Comparing Algorand vs. Libra: The Road to Decentralization

August 12, 2019

“Trust starts with truth and ends with truth.” – Santosh Kalwar

Trust is in short supply today. The lack of public trust in governments, institutions, and private companies is taking its toll on society in increasingly costly ways. In many cases, this erosion of trust hinges squarely on technological shortcomings and a distinct lack of oversight

Thankfully, blockchain technology and decentralized applications present an opportunity to restore public trust.  

The Road to Minimally Viable Trust

Instead of relying on the carefully crafted branding efforts of centralized tech giants like Facebook, Google, and Amazon to build and maintain trust, blockchain technology makes vetting the source of truth transparent, accessible, and verifiable. This is the vein in which the groundbreaking blockchain platform, Algorand, operates: 

Don’t trust, verify.

So, how does it work? How does Algorand compare to other borderless blockchain solutions like Facebook’s Libra? And what’s the benefit to users? In this article, we compare the goals, governance, and applications of Algorand vs. Libra to flesh out hype from hyperbole. It is the first article in an ongoing series.

Algos and Libras: Goals, Governance, and Consensus

Algorand is a blockchain startup focused on “building trusted infrastructure for the borderless economy.” Its goal is to create a decentralized infrastructure that extends the benefits of fast, cheap, and secure transactions to the global economy. This includes making payments in emerging markets far more accessible, affordable, and easy to use.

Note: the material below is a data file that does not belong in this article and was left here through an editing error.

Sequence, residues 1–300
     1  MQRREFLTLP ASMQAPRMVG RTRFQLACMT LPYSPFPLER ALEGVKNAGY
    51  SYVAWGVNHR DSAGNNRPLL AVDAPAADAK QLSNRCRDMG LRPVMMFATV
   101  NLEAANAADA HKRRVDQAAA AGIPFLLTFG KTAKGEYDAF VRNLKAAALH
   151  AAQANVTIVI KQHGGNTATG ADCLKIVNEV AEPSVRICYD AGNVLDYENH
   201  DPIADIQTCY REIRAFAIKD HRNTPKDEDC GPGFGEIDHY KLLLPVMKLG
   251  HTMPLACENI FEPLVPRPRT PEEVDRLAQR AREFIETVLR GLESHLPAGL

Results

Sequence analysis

Libra’s mission sounds strikingly similar: “A simple global currency and financial infrastructure that empowers billions of people.” To be fair, this is the modus operandi of most blockchain networks. Make transactions better than the status quo. But Algorand stands out in several important ways.

Libra Talks the Talk

What separates Algorand from Libra is the difference between vision, mission, and execution. 

Facebook sees cryptocurrency as an opportunity to grow its already massive global footprint. Its mission of wanting to connect and empower everybody seems to justify its means to an end. But not everybody is buying it. 

This became readily apparent during the recent Senate Banking Committee and House Financial Committee hearings. Senators came prepared to ask difficult questions and made a lasting impact. While David Marcus, who heads up Facebook’s Libra project and spoke on behalf of its Calibra wallet, stood firm in his prepared statements, many members of congress pushed back. 

We see this again in Congressman Duffy’s remarks addressing the policy consequences of social and financial discrimination: